Six Imperatives

In his book Reclaiming Glory, Mark Clifton talks about ‘Six Replanting Imperatives’[1]. I’d like to talk about them, but first, let me tell you why I think we need to talk about them.

 

Churches are living things and living things are meant to grow. It’s just natural. Churches grow in two ways, spiritually and numerically. You’ve heard me say that if we plant we will grow. There is one statistic from last year that really concerns me. We baptized one person. I’m very grateful and rejoice that one has made a public statement of their desire to follow Christ. But, honestly, we can and should be doing better. We are seeing spiritual growth in the lives of our family in Christ, and for this I rejoice.

 

I see the calling of an elder as being ‘equipping the saints to build up the body of Christ.’ (Eph 4.11ff) And that brings us to the six imperatives that Mark Clifton writes about.

 

Pray Without Ceasing
We know this. We know nothing happens without prayer. But life gets in the way. We are, often, too busy to come together and pray. Private prayer is important and I encourage all of us to pray privately. But every time God does a work in Acts, it seems as though the church praying together is at the heart of that work.

 

We’ve attempted Wednesday evening prayer for probably two or more years. It’s not been a well-attended effort. Let’s not throw in the towel just yet. Maybe there is a better way to accomplish effective corporate prayer. Small prayer groups in homes on a regular basis? Fifteen minutes set apart at the beginning of our small groups for corporate prayer. We can do this, and do this well, if we see the real importance of it. Let’s do it!

 

Loving the Church’s Remaining Members

Mark Clifton has in mind a church that is nearly dead, and maybe those remaining members choose to give the building to a new plant. It would be easy for the new pastor to focus on the new folks and forget the older. We can’t do that. While we are not giving away the building, and (I hope) you are not angling for a new pastor, we still can’t forget to love those still here.

 

On Sunday, January 29th, Steve Burchett did a great job of reminding us how elders love the church and how the church loves elders. We’ve got to keep this in front of us. When there is the potential for change around a church some folks can get cranky! Let’s love one another.

 

Exegete the Community

‘Exegete’ is a big word that simply means ‘find out what’s going on.’ When we exegete Scripture, we simply discover what it says. We should do that with our community as well. We should know what’s going on in our community. What’s our community saying? That requires that all of us be listening.

 

The food pantry is a good example. There was a need, we heard about it and got involved. The Sparta Transitions for kids coming out of the Challenge Academy is another example. God is giving us a chance to hear where he’s at work in our community and be a part of that. That’s how we exegete the community.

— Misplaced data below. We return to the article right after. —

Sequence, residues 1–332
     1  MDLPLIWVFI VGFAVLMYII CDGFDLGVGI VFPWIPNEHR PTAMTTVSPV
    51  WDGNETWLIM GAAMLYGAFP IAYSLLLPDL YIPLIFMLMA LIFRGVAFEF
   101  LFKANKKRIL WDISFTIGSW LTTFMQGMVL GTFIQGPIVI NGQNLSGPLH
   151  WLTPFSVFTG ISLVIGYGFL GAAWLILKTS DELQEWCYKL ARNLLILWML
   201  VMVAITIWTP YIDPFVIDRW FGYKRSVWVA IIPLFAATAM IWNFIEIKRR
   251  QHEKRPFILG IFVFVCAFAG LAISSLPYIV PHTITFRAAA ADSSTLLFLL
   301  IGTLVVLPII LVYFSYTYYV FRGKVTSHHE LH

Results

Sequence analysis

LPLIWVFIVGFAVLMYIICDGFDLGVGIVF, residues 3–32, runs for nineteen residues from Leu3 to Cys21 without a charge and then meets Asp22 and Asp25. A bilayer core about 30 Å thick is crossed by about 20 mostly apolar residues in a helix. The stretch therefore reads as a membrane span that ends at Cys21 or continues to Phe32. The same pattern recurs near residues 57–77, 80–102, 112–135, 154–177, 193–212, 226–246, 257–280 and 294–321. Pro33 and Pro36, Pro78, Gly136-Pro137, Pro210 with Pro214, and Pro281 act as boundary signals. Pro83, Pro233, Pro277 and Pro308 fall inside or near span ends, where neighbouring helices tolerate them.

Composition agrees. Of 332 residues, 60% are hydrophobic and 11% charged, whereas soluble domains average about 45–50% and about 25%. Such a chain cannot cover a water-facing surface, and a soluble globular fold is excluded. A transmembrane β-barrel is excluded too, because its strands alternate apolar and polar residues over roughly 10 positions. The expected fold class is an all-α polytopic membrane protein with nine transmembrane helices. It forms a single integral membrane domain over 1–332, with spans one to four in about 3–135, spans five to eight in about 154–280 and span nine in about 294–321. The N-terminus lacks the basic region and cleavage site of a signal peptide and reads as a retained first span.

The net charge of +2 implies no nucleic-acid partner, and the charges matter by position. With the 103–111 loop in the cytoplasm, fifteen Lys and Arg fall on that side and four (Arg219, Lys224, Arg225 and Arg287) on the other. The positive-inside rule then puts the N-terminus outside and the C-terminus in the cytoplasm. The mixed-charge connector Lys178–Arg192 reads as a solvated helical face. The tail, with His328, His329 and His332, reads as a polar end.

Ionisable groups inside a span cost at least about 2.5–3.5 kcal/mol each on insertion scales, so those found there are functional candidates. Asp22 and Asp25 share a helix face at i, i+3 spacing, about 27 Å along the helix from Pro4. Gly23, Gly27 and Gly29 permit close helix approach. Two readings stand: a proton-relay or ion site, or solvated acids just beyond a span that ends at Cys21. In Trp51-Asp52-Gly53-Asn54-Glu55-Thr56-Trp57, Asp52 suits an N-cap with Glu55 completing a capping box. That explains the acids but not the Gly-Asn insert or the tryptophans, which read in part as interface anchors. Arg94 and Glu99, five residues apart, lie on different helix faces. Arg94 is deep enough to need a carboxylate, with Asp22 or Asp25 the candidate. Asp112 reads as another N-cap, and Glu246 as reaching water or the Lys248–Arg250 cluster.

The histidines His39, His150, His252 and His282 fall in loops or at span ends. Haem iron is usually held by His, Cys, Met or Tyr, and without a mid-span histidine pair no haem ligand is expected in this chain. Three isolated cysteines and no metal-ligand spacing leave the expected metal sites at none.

By the way, this is where prayer really matters. When we ask God to show us where he’s at work in the lives of people in our community, I think he delights in doing so if we will be obedient to join him. Can you help do this? All you’ve got to do is make yourself available to him.

 

Simplify Your Strategy

We, the elders, want you to be free to be the hands and feet and eyes and ears and voice for Jesus in our community. You can’t do that if we’ve got you showing up for meetings and such all the time. Some meetings are necessary. But let’s keep things simple.

 

We focus on three kinds of ‘gatherings’, I guess you could say. We are instructed to gather corporately to worship. (Hebrews 10.24-25) We grow spiritually in small groups and I encourage you to get involved in one. And then, third, we disciple others in one-on-one or two-on-one relationships. These ‘gatherings’ are priority. We will work hard to keep other gatherings, meetings, to a minimum so that you can emphasize what’s important.

 

Focus on Reaching Young Men

Before the ladies get upset with me, let me explain. Mark Clifton is writing to church leaders who are going to lead in replanting a church. They should focus on reaching young men who are potential leaders. That’s how we build strong, well-lead churches. But this applies to all of us, men and women. Ladies, especially ladies who are mature in Christ, you too should be focused on reaching young ladies to lead in the church. Your place in the family of Christ is just as important as anyone. Let’s all focus on raising up those who serve Christ well! Which leads naturally to the sixth imperative….

 

Make Disciples Who Make Disciples

I’m thinking you’ve heard this before. We are called to make disciples who make disciples. When that becomes an imperative, we are on the way to obedience and joyous living. That simple.

 

Now What?

It’s not enough to talk about these imperatives, we’ve got to do them. The elders can lead, but we can’t do them for you. We can model, but all of us must live these things. What’s your part? Would you pray about ways in which you can live these imperatives? There’s a lot at stake. Let’s do it.

[1] Clifton, Mark. Reclaiming Glory, Revitalizing Dying Churches. Chapter 4, pp.53-76.